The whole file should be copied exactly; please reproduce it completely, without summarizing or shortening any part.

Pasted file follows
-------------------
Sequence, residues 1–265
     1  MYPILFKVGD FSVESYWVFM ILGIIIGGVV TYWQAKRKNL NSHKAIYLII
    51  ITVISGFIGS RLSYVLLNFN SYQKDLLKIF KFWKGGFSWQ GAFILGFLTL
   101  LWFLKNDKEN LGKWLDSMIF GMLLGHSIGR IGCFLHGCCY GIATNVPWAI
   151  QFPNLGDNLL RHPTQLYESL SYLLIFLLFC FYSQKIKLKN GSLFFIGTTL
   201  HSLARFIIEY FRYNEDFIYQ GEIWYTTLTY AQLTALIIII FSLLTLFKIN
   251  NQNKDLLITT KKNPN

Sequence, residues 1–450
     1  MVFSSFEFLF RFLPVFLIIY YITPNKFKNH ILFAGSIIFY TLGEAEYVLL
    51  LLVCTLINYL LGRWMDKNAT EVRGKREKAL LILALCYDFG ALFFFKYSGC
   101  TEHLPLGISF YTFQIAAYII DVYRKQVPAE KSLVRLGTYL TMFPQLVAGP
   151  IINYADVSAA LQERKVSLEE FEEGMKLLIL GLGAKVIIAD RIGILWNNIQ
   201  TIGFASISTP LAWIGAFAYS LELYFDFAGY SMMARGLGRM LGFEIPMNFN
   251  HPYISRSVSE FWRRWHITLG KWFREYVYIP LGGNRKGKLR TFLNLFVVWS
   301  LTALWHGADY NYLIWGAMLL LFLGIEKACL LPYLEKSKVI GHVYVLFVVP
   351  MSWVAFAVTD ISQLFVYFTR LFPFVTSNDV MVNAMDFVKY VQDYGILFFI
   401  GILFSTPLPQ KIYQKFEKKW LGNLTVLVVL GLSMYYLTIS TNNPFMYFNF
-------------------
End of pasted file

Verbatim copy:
Sequence, residues 1–265
     1  MYPILFKVGD FSVESYWVFM ILGIIIGGVV TYWQAKRKNL NSHKAIYLII
    51  ITVISGFIGS RLSYVLLNFN SYQKDLLKIF KFWKGGFSWQ GAFILGFLTL
   101  LWFLKNDKEN LGKWLDSMIF GMLLGHSIGR IGCFLHGCCY GIATNVPWAI
   151  QFPNLGDNLL RHPTQLYESL SYLLIFLLFC FYSQKIKLKN GSLFFIGTTL
   201  HSLARFIIEY FRYNEDFIYQ GEIWYTTLTY AQLTALIIII FSLLTLFKIN
   251  NQNKDLLITT KKNPN

Sequence, residues 1–450
     1  MVFSSFEFLF RFLPVFLIIY YITPNKFKNH ILFAGSIIFY TLGEAEYVLL
    51  LLVCTLINYL LGRWMDKNAT EVRGKREKAL LILALCYDFG ALFFFKYSGC
   101  TEHLPLGISF YTFQIAAYII DVYRKQVPAE KSLVRLGTYL TMFPQLVAGP
   151  IINYADVSAA LQERKVSLEE FEEGMKLLIL GLGAKVIIAD RIGILWNNIQ
   201  TIGFASISTP LAWIGAFAYS LELYFDFAGY SMMARGLGRM LGFEIPMNFN
   251  HPYISRSVSE FWRRWHITLG KWFREYVYIP LGGNRKGKLR TFLNLFVVWS
   301  LTALWHGADY NYLIWGAMLL LFLGIEKACL LPYLEKSKVI GHVYVLFVVP
   351  MSWVAFAVTD ISQLFVYFTR LFPFVTSNDV MVNAMDFVKY VQDYGILFFI
   401  GILFSTPLPQ KIYQKFEKKW LGNLTVLVVL GLSMYYLTIS TNNPFMYFNF